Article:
Can I File a Claim for Mobbing?

Mobbing often involves damaging and harmful conduct, inflicting long-lasting pain on the victims. In many cases, an employer or school official can dispel a mob if a victim reports what’s happening. In some cases, however, this is not enough to remedy the victim’s damages, especially in cases of actual injury or loss. Filing a claim against the perpetrators of mobbing can help a victim obtain financial compensation for medical bills, lost wages, mental anguish, and pain and suffering. If you were or are the victim of mobbing, an attorney can help you file a legal claim against the group of bullies. You have rights in a mobbing situation, especially if the incident stems from discrimination. If you need to attend a meeting with an official to discuss the mobbing incident, an attorney can stand by your side and give you advice.
Posted by at 10:06 pm

Should I Handle My Personal Injury Claim Alone or Hire a Lawyer?

Monday, June 21, 2021

If you get injured in an accident in Dallas, you may be entitled to financial compensation. Unfortunately, the personal injury claims process can be confusing and difficult to navigate. Hiring a personal injury lawyer can vastly improve your legal experience and the outcome of your case. Not all personal injury claims require legal representation, however. Find out when you might need an attorney and when you can handle your claim alone.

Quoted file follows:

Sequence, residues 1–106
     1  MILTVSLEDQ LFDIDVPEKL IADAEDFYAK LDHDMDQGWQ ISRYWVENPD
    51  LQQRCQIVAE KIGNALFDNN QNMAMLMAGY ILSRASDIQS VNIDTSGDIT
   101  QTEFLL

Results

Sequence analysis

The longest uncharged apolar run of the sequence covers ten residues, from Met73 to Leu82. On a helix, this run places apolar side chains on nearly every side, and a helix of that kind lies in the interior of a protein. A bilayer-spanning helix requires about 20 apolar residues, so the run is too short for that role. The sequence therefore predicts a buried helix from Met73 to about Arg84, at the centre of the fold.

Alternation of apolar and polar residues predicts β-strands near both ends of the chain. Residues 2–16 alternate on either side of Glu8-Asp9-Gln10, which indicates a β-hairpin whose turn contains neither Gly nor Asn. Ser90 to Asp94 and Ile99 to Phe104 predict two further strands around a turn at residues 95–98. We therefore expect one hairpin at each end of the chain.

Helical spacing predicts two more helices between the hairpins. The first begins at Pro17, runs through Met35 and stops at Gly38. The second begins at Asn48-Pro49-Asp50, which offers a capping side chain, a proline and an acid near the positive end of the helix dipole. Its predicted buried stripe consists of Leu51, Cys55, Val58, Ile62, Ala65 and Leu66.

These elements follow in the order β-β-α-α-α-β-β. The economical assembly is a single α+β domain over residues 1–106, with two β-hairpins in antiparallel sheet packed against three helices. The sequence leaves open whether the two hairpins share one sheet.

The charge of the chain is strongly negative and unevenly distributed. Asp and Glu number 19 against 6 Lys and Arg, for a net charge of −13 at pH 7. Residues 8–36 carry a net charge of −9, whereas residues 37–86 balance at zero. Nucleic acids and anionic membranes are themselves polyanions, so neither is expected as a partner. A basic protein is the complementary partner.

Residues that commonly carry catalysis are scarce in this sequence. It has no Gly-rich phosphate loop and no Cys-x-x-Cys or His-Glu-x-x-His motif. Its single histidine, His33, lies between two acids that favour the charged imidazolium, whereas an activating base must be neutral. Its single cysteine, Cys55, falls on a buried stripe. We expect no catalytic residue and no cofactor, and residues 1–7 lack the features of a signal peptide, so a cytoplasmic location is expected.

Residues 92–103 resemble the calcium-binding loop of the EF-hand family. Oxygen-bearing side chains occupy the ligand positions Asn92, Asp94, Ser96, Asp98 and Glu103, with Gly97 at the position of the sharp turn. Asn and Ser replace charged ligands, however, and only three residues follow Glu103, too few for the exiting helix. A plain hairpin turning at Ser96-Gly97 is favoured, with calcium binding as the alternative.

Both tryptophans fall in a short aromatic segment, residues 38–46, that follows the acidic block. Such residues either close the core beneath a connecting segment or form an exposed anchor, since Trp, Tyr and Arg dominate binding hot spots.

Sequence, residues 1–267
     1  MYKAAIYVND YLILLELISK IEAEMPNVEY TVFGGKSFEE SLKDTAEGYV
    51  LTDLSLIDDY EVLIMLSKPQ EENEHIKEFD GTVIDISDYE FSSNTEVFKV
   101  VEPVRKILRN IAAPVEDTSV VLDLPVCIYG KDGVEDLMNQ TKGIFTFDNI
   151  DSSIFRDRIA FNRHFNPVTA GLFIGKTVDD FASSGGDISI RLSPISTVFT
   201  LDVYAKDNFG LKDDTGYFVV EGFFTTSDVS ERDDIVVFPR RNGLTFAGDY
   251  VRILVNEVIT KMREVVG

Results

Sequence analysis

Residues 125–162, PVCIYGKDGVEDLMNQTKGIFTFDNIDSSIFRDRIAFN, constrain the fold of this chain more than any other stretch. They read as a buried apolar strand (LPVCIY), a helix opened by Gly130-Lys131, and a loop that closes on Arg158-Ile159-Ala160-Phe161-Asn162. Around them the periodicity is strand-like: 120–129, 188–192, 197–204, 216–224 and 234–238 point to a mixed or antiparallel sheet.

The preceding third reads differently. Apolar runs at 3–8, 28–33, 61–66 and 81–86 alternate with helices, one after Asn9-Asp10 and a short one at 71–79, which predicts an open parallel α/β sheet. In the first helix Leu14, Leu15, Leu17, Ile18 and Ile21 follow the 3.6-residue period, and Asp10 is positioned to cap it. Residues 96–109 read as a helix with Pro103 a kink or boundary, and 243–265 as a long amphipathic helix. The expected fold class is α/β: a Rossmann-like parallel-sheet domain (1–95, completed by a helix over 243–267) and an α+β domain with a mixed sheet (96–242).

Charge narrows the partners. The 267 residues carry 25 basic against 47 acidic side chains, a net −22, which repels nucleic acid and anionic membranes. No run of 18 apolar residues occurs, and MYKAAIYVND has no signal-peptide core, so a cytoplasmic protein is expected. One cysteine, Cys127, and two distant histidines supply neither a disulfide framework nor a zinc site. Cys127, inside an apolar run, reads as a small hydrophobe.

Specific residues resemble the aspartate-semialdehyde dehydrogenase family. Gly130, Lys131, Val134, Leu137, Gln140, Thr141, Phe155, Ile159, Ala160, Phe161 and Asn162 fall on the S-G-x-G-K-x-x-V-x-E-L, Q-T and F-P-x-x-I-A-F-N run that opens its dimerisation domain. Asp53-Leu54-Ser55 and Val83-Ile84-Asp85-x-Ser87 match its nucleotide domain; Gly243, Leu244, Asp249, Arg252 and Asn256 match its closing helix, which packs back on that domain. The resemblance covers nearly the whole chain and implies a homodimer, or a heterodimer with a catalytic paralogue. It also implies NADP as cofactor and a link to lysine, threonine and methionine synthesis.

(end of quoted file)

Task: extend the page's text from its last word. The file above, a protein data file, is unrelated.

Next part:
Should I Handle My Personal Injury Claim Alone or Hire a Lawyer? 1

How Do Insurance Companies Handle Claims?

If you wish to handle your own claim, you must at least know what you’re getting into. The insurance company that you will be up against does not have your best interests in mind. The insurance company’s number one goal is to increase its profits. Even if you weren’t at fault for the accident, the insurance company will try its best to diminish your payout or deny benefits altogether. This can make it difficult to obtain a fair and full amount for your injuries and losses.